Athletics[edit]

The King's Baseball team, Fall 2011

The King's College has a number of athletic teams, competing at various levels. Men's sports include baseball, basketball, cross country and soccer. Women's sports include basketball, volleyball, cross country and soccer. TKC is a member of the National Christian College Athletic Association (NCCAA)[citation needed]. Continuing TKC's policy of encouraging students to start their own programs and take active ownership in student life, most teams at King's are student-started and run ventures. Athletic teams at The King's College have been started since the college was re-chartered in 1999, meaning they are not directly affiliated with and do not receive support from TKC's athletics programs that were centered at Briarcliff Manor. The athletics program at The King's College is designed to serve students' interests in sports and recreational activities, whether they are competitive, recreational, or instructional. Emphasis is placed on student leadership and involvement, as well as on the dedication and commitment of club members.[36]

References[edit]

  1. ^ "Top 15 Conservative Colleges"
  2. ^ "History of King's", About King's. The King's College. Retrieved 1 July 2011.
  3. ^ a b The Billy Graham Center at Wheaton College. "'As This Is Our First Broadcast...': Biography of Percy B. Crawford". Retrieved 10 January 2009.
  4. ^ a b c d e Segal, David (19 February 2008). "God and the City." The Washington Post, p. C01. Retrieved 9 January 2009.
  5. ^ Bennett, Jonathan (28 November 2007). "Montreat College Athletics Hall of Fame." Retrieved 9 January 2009.
  6. ^ a b Walk With the King Biography of Dr. Robert A. Cook. Retrieved 10 January 2009.
  7. ^ a b Yasinac, Rob. "Briarcliff Lodge and The King's College." Hudson Valley Ruins. Retrieved 10 January 2009.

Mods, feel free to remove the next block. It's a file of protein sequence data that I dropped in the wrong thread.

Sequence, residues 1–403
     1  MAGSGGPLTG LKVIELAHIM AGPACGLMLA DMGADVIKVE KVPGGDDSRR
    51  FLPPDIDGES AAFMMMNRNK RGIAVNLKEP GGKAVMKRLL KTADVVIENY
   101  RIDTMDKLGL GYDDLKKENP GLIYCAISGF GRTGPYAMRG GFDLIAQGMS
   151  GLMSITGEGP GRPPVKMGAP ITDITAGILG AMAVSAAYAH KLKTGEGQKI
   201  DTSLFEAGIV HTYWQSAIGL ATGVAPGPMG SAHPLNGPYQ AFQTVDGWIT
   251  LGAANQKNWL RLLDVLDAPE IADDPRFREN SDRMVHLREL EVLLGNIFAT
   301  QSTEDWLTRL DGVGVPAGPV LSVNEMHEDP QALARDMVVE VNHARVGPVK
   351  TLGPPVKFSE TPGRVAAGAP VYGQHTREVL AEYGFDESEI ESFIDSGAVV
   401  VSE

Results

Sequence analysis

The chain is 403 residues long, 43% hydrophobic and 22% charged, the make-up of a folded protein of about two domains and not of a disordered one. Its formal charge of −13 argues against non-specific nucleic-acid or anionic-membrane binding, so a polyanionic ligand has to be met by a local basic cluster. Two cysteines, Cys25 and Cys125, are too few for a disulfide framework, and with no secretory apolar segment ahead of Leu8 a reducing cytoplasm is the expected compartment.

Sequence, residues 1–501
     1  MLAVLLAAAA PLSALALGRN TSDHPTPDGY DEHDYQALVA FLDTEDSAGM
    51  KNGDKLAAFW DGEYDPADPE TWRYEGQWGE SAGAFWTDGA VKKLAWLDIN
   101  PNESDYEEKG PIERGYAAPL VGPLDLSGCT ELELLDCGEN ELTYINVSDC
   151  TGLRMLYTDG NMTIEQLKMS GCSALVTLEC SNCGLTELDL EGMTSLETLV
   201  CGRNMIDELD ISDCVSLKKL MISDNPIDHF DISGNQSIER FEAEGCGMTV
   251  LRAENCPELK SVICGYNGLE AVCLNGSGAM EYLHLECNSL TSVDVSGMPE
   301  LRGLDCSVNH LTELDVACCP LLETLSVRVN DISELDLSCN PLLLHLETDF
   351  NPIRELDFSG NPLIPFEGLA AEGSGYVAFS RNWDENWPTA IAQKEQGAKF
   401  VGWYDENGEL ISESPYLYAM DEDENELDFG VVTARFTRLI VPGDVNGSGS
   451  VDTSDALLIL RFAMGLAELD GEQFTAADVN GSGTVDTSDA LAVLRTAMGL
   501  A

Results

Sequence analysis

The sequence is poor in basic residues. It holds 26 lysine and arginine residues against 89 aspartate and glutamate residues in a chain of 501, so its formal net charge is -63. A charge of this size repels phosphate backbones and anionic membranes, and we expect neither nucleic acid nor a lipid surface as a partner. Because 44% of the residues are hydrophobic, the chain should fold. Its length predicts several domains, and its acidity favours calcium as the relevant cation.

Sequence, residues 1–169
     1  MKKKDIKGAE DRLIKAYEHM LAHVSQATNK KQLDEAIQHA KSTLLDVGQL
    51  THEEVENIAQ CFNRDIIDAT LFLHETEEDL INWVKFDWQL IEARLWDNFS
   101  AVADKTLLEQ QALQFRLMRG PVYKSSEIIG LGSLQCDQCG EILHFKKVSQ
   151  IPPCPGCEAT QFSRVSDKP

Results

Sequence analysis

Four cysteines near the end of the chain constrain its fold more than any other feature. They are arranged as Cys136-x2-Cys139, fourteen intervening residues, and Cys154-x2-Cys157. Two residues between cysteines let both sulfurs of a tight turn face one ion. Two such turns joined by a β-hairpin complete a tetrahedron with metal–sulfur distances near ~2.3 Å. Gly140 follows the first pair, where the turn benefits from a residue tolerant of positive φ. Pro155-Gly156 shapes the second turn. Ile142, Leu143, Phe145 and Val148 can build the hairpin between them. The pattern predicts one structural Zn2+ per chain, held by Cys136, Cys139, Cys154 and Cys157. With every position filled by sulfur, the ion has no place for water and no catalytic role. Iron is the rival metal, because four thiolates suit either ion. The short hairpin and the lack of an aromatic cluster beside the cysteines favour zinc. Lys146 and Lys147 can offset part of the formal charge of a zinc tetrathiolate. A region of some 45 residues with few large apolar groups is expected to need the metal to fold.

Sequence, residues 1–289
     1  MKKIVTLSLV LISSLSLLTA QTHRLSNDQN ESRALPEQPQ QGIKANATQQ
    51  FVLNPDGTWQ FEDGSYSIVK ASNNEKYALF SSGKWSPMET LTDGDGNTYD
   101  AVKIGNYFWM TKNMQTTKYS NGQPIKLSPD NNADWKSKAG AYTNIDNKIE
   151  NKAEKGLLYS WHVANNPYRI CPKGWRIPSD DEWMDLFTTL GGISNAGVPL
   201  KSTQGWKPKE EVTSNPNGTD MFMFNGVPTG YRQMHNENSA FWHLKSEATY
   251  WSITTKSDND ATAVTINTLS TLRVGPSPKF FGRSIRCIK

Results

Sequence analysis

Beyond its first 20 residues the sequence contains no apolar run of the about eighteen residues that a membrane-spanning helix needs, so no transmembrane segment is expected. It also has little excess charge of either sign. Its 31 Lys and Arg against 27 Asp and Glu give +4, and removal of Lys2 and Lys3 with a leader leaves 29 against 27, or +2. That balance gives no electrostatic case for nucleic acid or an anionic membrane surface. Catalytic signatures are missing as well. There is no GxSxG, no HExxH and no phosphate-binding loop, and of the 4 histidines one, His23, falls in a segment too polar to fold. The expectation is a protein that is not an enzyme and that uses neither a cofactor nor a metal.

8. ^ Carnes, Tony (9 February 1998). "King's College Resurrection Signals Big Apple's Renewal", Christianity Today, p. 60. Retrieved 10 November 2009
  9. ^ a b c University of the State of New York (14 July 2005). Compliance Report of an Accreditation Site Visit to The King’s College on May 25, 2005 For the Purpose of Renewing Institutional Accreditation. Retrieved 10 January 2009.
  10. ^ Faculty Commons History. Retrieved 10 January 2009.
  11. ^ Aviv, Rachel (4 April 2006). "On High." The Village Voice. Retrieved 9 January 2009.
  12. ^ "The King's College". Tkc.edu. August 23, 2010. Retrieved October 16, 2012. 
  13. ^ http://www.worldmag.com/2012/10/king_s_crisis
  14. ^ http://www.dineshdsouza.com/archives/news/response-to-world-magazine/
  15. ^ http://www.tkc.edu/media/archives2.asp?id=336
  16. ^ http://www.prweb.com/releases/TheKingsCollege/PresidentialAnnouncement/prweb10915093.htm
  17. ^ http://www.firstthings.com/onthesquare/2013/07/gregory-a-thornburyrsquos-mission-to-revive-carl-f-h-henry
  18. ^ New York State Education Department Inventory of Registered Programs. Retrieved 9 January 2009.
  19. ^ Middle States Commission on Higher Education Institution Directory. Retrieved 9 January 2009.
  20. ^ The King's College Academic Catalog: Accreditation. Retrieved 5 March 2010.
  21. ^ The King's College Programs of Study. Retrieved 5 March 2010.
  22. ^ The King's College Press Release 18 December 2008. Retrieved 5 March 2010.
  23. ^ The King's College [1].
  24. ^ Stanley Kurtz, Long Live King's, National Review http://old.nationalreview.com/kurtz/kurtz200504050746.asp Retrieved 5 March 2010
  25. ^ Middle States Commission on Higher Education, Institutional Directory, The King's College. http://msche.org/institutions_view.asp?idinstitution=224. Retrieved 5 March 2010
  26. ^ [2]
  27. ^ The King's College Frequently Asked Questions No. 12. Retrieved 5 March 2010.
  28. ^ a b The King's College Student Handbook. Retrieved 5 March 2010.
  29. ^ Paumgarten, Nick (1 August 2005). "The Good News." The New Yorker. Retrieved 10 January 2009.
  30. ^ NYC Intern About Us. Retrieved 9 November 2009.
  31. ^ a b c d e The King's College House Manual
  32. ^ The King's College Great Race. Retrieved 5 March 2010
  33. ^ The King's College House GPA Contest. Retrieved 5 March 2010.
  34. ^ "About Us — The Lewis Review". Thelewisreview.com. Retrieved October 16, 2012. 
  35. ^ The King's College Student Organizations [3]. Retrieved 5 March 2010
  36. ^ [4][dead link]

Further reading[edit]

External links[edit]